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Discussion Starter · #1 ·

Looking through the list of events associated with the Las Vegas Libraries I noticed that something interesting. It was a photo of Overdrive's Digital BookMobile. Lucky for me, I noticed it the second to last day it was in town and I did check it out today. Seemed like an awesome way to introduce ebooks and ereaders to the general public.

There isn't much, but its was a good chance to get out of the house. When you first enter, there are two or three tvs describing the Overdrive program and how it works. Inside there are many computers where people can try out the overdrive program. Then towards the end there is mp3s and a Sony 505 out on display and for demo. The displayed devices are the one that are compatable with the program. Many of the people there asking questions (while I was messing around with the Sony 505) were asking about "Kindle VS. Sony" question. I kept my mouth shut except when I went to ask the female employee some questions. My biggest question had to do with the Kindle.

Question: Where does the Overdrive Digital BookMobile travel?
Answer: All across the US and Canada

Question: Do you think that Overdrive and the Kindle will be compatiable soon or at any point?
General Answer: Cannot say yes for sure...but the program has only been compatiable with the iPod since Nov 2008. So devices are still being added to the list.
(personal opinion: I think it depends on Amazon decision about DRM on the kindle. The ability to use Overdrive books with the Kindle would effect Amazon's sell on ebooks. Hopefully we wil be able to use the kindle with Overdrive.)

Link the Overdrive Digital BookMobile: http://www.digitalbookmobile.com/default.aspx
Link to the BookMobile schedule:http://www.digitalbookmobile.com/Calendar.aspx

NEXT STOPS:
Reno (NV) April 11
San Jose (CA) April 16
Saratoga (CA) April 17
Morgan Hill (CA) April 18
Windsor (CA) April 20

For those not familar with Overdrive...Its a program that you can download to your computer for free. Some libraries use the site to allow people to download content such as music, audiobooks, and ebooks. You check out content and it automatically deletes itself once it reaches its expiration date. Its just like another book or cd checked out of the library...minus the trip down the street/across town (varies with people)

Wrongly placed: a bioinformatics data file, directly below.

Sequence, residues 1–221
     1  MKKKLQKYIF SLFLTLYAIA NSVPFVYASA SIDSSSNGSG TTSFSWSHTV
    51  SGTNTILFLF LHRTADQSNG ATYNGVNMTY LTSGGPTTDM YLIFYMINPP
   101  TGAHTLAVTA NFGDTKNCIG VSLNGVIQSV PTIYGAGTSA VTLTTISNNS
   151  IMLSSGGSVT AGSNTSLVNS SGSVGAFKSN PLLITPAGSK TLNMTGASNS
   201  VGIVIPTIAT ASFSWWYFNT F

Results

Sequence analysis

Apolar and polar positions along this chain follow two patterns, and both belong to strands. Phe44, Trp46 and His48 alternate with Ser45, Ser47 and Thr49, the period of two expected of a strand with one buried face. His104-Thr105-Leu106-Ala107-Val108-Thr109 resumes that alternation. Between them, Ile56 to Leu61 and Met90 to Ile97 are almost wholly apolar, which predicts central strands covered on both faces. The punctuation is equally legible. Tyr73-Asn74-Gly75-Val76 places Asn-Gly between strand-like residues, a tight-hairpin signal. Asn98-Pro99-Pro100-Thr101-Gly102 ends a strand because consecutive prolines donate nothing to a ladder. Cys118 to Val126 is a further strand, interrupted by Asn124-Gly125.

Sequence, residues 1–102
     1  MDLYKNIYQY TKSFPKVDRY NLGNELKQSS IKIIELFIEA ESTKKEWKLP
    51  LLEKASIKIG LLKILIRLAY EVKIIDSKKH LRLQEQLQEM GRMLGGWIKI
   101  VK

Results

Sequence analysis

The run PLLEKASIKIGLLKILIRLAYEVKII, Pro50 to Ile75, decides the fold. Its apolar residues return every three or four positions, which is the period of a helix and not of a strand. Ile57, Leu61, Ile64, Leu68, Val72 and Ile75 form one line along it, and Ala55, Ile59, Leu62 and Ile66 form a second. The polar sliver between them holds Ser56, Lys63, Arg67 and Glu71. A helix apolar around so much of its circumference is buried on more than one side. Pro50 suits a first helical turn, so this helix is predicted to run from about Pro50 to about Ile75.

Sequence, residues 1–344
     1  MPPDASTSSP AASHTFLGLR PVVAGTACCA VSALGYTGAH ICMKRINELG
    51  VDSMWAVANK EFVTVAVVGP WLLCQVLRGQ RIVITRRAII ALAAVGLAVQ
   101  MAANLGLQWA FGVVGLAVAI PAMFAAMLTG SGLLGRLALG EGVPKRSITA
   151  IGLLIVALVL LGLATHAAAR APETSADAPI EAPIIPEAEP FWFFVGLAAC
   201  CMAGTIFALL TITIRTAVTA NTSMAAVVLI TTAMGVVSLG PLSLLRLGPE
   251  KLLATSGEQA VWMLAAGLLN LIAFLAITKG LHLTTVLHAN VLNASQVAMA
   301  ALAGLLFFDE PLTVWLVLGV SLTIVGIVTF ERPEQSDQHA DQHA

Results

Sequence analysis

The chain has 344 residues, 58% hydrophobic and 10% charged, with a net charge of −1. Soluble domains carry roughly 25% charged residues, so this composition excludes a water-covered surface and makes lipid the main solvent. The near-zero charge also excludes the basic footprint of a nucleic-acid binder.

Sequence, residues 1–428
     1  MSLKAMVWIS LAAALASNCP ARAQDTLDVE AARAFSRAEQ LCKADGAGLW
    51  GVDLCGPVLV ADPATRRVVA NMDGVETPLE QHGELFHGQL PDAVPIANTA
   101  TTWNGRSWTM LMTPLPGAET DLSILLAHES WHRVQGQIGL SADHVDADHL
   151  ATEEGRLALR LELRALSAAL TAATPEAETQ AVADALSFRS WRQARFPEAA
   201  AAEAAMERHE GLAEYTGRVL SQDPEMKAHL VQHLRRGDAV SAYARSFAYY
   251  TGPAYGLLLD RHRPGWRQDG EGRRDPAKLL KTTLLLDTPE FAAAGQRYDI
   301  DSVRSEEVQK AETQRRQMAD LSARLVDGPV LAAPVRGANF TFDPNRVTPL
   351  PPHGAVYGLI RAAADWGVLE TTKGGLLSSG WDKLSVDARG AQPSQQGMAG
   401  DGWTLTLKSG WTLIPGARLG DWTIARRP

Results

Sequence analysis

My local library uses the program. I have downloaded it to my laptop, but haven't downloaded any content for use, yet. Some of the members of the forum use the program, if I remember correctly. What do you think about this tour, the program, or the Kindle's incompatiability with OD. Another thing, some of the people there asking about the Kindle seemed to be weighing between a Sony or a Kindle, the ability to download ebooks from the library seem to weigh a lot in the purchase. (Two people mentioned the cost of the ereaders themselves.) Do you think that the Kindle's inability to work with library ebooks will effect the sell of the Kindle Ereader itself? I see that Amazon could lose money if people could just check out ebooks from the library. Still I see Amazon losing money by not having the function on the kindle as people use it to weigh in their Ereader purchase. I don't know. Anyways I just would like to download ebooks from the library.

;D Vegas_Asian
 

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Psssst, as an FYI, I download and use Overdrive books from my local library on the Kindle.  And no, I don't strip the DRM, I just input the Kindle PID (there are lots of posts on how to do it out there, though the "official" instructions which used to be on MobileRead were taken down per the request of Amazon).

I can't wait until it comes here to Denver!  I'll answer those Sony v. Kindle and library questions  ;D